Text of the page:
Leh is the largest town in the region of Ladakh, and the main entry point for most visitors. With no railway access, the only way to enter is by air and road, as you can see in our Ladakh travel guide.
Going to Leh is one of the most popular (long) road trips in Northern India, especially among bikers. Most people access Leh via Delhi, and through one of the two mountain roads from Srinagar or Manali, both of which close throughout the winter (October to May) due to heavy snow.
Srinagar to Leh (Delhi – Jammu – Srinagar – Sonmarg – Kargil – Leh)
Going from Srinagar to Leh, you will see the best of the Kashmir Valley before reaching Kargil, the second largest town in Ladakh. Located at 8,780 feet, it provides a gradual ascent, allowing your body to get acclimatised to the altitude. From Kargil, you can also visit the Lamayuru and Alchi monasteries. However, this route is prone to dangerous landslides. So, be sure to check for updates.
Manali to Leh (Delhi – Chandigarh – Manali – Keylong – Sarchu – Leh)
This route is the choice of most visitors, due to the tense political situation in Srinagar. The route passes through the scenic Rohtang Pass, along to Keylong (and the Keylong monastery) and Sarchu, and visitors often spend the night at one of these places. Situated between the Baralacha La and Lachulung La passes, at 14,070 feet (far higher than Leh), it comes with the hazard of altitude sickness. You can check for updates here.
Buses run regularly between Leh and Manali and Srinagar. The most numerous of these are the HPTDC and the local HRTC buses. You can also hire a variety of shared taxis from these places, which may be more comfortable. They stop for the night along the way.
There are daily flights to Ladakh from Delhi and Srinagar run by various airlines. However, they are limited in number and, like the buses, subject to be cancelled due to bad weather. You can also fly to Srinagar and travel from there by road. Keep in mind that flying directly into Leh can also cause altitude sickness due to the sudden change in altitude.
The Best Time to Visit Ladakh
The best time to visit Ladakh is between June and September. During this period, the temperatures are mild, ranging from 3°C to 30°C. It is also when the region comes alive with many vibrant festivals, which are discussed later in this Ladakh travel guide. Some are held at the monasteries, such as the Hemis Festival, while others are held in the towns, such as the Ladakh Festival. Initially held every 12 years, you can also visit the Naropa Festival which is the region’s largest Buddhist Festival.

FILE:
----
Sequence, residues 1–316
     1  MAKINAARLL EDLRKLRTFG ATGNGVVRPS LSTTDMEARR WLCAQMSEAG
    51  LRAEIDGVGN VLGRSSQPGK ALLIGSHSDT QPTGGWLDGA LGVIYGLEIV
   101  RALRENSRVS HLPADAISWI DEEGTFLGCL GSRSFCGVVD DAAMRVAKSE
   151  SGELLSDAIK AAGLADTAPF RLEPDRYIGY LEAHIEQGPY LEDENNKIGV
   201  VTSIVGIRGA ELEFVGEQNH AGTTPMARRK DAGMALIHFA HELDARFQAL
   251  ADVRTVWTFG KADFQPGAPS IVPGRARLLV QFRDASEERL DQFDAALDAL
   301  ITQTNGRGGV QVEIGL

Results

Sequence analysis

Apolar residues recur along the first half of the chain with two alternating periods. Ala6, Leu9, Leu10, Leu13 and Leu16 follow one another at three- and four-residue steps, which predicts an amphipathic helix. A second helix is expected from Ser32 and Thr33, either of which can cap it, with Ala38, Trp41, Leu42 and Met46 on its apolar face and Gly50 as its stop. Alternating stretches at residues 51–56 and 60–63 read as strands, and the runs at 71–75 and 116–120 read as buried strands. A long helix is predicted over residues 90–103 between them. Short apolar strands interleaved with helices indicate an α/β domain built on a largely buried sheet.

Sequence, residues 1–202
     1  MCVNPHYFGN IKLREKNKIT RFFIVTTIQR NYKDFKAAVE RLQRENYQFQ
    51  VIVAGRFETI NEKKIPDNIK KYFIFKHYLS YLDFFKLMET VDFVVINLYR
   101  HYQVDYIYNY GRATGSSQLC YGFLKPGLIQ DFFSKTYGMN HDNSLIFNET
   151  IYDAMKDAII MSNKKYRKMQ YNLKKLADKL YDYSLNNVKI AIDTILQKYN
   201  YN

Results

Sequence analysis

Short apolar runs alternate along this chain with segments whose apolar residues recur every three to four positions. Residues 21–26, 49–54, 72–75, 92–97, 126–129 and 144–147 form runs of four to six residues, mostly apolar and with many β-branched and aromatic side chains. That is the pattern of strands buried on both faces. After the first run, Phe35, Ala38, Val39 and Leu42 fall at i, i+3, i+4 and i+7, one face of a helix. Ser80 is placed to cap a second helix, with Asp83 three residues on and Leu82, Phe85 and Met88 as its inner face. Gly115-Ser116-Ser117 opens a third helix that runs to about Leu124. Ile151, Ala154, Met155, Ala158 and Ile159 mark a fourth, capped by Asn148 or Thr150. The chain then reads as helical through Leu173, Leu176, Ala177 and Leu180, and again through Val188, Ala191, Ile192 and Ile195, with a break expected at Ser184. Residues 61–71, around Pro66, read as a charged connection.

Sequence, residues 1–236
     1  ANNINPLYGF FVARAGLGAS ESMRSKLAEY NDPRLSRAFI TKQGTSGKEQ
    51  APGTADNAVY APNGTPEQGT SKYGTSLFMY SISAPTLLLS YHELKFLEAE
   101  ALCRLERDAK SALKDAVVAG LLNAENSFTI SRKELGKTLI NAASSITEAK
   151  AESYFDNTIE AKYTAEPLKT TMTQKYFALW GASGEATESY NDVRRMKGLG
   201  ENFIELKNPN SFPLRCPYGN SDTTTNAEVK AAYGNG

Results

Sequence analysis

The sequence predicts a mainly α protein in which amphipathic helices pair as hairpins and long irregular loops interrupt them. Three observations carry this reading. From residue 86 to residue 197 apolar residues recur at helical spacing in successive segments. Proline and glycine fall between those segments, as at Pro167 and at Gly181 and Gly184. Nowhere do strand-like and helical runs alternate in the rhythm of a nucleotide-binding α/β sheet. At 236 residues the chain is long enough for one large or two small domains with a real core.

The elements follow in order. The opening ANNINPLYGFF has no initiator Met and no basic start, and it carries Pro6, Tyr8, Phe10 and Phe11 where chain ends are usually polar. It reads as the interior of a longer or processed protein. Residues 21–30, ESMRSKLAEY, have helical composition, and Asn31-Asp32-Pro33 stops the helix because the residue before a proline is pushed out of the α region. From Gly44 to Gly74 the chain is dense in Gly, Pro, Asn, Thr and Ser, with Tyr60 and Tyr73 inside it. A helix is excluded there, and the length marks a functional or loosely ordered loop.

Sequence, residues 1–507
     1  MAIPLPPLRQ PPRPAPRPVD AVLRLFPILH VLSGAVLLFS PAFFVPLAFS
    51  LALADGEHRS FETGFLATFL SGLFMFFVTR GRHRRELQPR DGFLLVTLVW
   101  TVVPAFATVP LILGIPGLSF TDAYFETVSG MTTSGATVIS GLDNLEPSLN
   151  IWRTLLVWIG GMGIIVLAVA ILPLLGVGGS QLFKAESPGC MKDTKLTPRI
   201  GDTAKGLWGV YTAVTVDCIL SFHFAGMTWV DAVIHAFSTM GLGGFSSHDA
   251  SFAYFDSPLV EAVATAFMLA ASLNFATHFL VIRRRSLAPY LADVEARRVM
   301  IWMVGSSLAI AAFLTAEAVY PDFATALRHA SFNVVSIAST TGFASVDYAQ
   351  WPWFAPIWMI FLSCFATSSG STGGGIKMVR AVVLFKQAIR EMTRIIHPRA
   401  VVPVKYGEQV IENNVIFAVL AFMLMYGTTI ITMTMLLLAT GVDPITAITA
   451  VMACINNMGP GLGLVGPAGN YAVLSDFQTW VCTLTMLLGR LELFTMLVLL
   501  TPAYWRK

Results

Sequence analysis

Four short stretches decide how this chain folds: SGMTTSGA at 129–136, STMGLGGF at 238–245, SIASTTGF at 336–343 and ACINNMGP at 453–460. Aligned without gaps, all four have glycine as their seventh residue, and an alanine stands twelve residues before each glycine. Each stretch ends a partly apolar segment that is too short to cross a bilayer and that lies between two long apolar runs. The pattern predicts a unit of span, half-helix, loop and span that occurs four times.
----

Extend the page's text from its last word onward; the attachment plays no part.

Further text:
Also Read: Explore the Hidden Places of Kashmir
Getting around Ladakh
There are lots of ways to get around Ladakh. As you can see in our Ladakh travel guide, some are more reliable than others.
In Ladakh, there are buses that run from Leh to the various surrounding villages. However, they are often badly run, disorganised and overcrowded.
From Leh, you can also hire a local taxi that will take you to the surrounding monasteries, and even to further off places like Pangong Lake. They are usually faster and more comfortable than public transport, though quite a bit more expensive.
Instead of a taxi, you can also rent a motorcycle and drive yourself around Ladakh. Rent is quite a bit cheaper, though you should be extremely comfortable on a bike before choosing to do so. Also, be sure to check the vehicle for any issues so that you don’t end up stranded in the middle of nowhere. While there are plenty of mechanics in Leh, spare parts are often limited
Many trucks will stop for hitchhikers going their way. They may ask for a fee, so bargaining may be necessary. However, they are often a very slow form of transport due to the need to load and unload cargo.